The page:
Wyoming Ski Roundup

Grand Targhee
  |  Gorp.com
GRAND TARGHEE ESSENTIALS
Telephone: 800-TARGHEE
Prices: Approx. $49 adult and $31 seniors and juniors
Skiable acres: 3,500 acres
Operating Hours: 9 a.m. to 4 p.m. daily

* Skiable acres include backcountry and Snowcat areas.
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If it's powder that you are searching for, Grand Targhee, on the western slopes of the Tetons and an hour's drive from Jackson, is a must-visit. "Snow from heaven not hoses" is Targhee's mantra. There is not a single snowmaking machine anywhere on the mountain and Targhee still has more snow than almost any other resort in the country. Storms traveling eastward from the Pacific often get "stuck" on the west side of the massive Tetons and dump twice as much powder there as on the eastern side of the range.

In a good year, Targhee will get over 600 inches—50 feet—of snow; in an average year, they will get 504 inches. In a great year, like '96-'97, they can get nearly 60 feet (just under 700 inches) of snow. "We really only need 350 inches to operate fully and have great powder though," said Susie Barnett-Bushong, Targhee's marketing director. "500 and 600 inches a year are almost a nightmare for us. Other resorts would kill to have our snow problem, but 350 inches is really all we need." Targhee lifties that have been at the resort for decades cannot remember the last time Targhee had less than 400 inches of snow, "if ever," they say. Targhee usually opens earlier and closes later than the Jackson Hole Mountain Resort.

Opened the day after Christmas in 1969, Grand Targhee was bought by George Gillett, the man who previously transformed Vail into the country's most popular resort, in 1996. After nearly three decades of well-meaning but inexperienced owners, Targhee now has a knowledgeable helmsman, and it started to show instantly. Gillett and his Booth Creek Ski Holdings immediately began implementing improvements on the mountain. A high-speed quad chair, Dreamcatcher, began running from the base to the summit in January 1997. One other quad, a double chair, and a new Magic Carpet surface lift whisk skiers to other parts of Fred's Mountain. Peaked Mountain, to the south of Fred's Mountain, is entirely reserved for Snowcat skiing.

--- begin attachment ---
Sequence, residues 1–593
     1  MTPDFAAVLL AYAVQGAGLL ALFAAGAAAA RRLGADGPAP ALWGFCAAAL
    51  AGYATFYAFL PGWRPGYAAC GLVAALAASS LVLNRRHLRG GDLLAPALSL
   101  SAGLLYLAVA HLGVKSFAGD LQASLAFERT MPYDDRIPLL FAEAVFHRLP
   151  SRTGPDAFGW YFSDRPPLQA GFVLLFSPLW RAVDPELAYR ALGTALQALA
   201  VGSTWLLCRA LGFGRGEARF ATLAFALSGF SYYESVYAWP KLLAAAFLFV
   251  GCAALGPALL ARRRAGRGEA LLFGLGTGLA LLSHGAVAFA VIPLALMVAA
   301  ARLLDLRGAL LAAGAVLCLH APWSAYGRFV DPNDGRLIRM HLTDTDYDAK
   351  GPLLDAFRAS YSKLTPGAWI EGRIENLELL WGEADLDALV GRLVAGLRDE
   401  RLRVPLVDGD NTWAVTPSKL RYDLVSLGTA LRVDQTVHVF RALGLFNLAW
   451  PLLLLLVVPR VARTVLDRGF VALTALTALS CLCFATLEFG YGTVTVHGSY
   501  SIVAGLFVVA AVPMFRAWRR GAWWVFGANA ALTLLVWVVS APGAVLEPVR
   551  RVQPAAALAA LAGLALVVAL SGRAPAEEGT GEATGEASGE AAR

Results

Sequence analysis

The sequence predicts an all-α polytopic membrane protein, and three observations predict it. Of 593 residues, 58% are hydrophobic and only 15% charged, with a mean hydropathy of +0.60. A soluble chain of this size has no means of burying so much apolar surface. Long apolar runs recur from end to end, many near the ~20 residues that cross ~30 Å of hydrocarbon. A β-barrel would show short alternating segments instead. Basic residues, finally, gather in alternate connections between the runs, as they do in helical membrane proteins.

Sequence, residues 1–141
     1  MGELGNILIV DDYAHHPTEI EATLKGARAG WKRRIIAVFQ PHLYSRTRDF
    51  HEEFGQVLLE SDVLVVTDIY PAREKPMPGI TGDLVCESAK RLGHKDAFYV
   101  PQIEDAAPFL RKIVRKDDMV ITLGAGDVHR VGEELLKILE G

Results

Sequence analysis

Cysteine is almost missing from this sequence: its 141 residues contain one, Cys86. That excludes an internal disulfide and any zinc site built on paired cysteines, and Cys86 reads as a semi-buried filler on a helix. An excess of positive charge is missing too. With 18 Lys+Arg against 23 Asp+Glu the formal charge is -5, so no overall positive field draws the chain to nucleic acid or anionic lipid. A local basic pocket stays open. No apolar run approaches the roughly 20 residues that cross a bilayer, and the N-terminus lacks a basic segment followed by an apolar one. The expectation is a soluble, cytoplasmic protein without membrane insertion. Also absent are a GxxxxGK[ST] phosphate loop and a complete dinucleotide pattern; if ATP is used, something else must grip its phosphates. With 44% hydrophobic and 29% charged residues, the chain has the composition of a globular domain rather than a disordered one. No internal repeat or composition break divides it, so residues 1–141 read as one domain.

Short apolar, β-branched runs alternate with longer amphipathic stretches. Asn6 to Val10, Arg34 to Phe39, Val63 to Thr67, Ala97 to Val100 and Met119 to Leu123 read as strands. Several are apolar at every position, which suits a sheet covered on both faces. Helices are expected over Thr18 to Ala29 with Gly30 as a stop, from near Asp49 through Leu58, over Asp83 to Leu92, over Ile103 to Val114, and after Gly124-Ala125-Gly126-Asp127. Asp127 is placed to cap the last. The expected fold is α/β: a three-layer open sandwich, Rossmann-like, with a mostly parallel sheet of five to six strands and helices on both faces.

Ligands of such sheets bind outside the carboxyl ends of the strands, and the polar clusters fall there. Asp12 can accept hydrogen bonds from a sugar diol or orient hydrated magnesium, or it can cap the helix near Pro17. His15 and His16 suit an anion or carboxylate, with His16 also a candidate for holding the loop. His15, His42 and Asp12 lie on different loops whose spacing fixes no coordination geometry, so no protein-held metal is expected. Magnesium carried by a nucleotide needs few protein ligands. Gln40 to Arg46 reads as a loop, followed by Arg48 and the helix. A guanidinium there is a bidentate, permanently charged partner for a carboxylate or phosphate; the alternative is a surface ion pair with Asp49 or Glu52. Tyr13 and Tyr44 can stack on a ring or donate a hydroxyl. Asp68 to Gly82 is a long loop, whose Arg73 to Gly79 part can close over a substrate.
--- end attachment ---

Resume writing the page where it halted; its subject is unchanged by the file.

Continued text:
More accessible to skiers of all abilities than Jackson, Targhee has 10 percent beginner terrain, 70 percent intermediate terrain, and 20 percent advanced spread over 1,500 acres and 2,200 vertical feet. Even the Snowcat-only Peaked Mountain, which offers an additional 1,500 acres of skiing, has runs of all difficulty levels.

No matter what your ability level, the Teton Vista Traverse, a beginner run descending from the top of the Dreamcatcher lift, is not to be missed. Although Targhee is in Wyoming, it is nestled at the western base of the Tetons and surrounded by the potato fields of Idaho. From the 10,200-foot summit of Fred's Mountain, a very different view of the Grand Teton (at 13,770 feet, the second highest mountain in Wyoming) than the one seen in Jackson looms less than three miles away as the snow flies. Looking at it, keep in mind that pioneer ski mountaineer Bill Briggs skied from the summit of the Grand to the valley floor in 1973.

Targhee's generally treeless and wide-open slopes seem to have been made for the intermediate skier. (The whole upper half of the mountain is above tree line.) The mountain is set up so that even low-level intermediates can travel around the mountain without a map and need not worry about getting themselves lost in expert terrain. Intermediates truly can ski the entirety of Fred's Mountain. It would be easier to ignore Tommy Moe (who, incidentally calls Jackson home) sitting next to you on a chair lift than to find an unpleasant intermediate at Targhee. Chief Joseph Bowl and Sitting Bull are two of the best intermediate groomers. Intermediate powder hounds can hone their skills on Lost Squaw, Blackfoot Bowl, and Floyd's Fantasy, to name but a few.

Expert skiers can get a Nasty Gash, run Patrol Chute, Instructor's Chute, or Powder reserve. Those looking for more adventure can hike or ski over to Mary's Nipple, a neighboring mountain. Teton Gravity Research, a Jackson-based ski film company, filmed the majority of their groundbreaking first movie, The Continuum, in Targhee's backcountry. Much of the expert and backcountry terrain at the Jackson Hole Mountain Resort will also be familiar from that film.

The nightlife at Targhee is quiet and appealing to families. The Trap Bar, the only bar at the base of the mountain, is packed after the lifts shut down, but most visitors to Targhee are day-trippers from Jackson. All three lodges at Targhee are ski-in/ski-out and many of the rooms have been renovated in recent years.

Article © Dina Mishev


Published: 28 Apr 2002 | Last Updated: 8 Nov 2010
Details mentioned in this article were accurate at the time of publication

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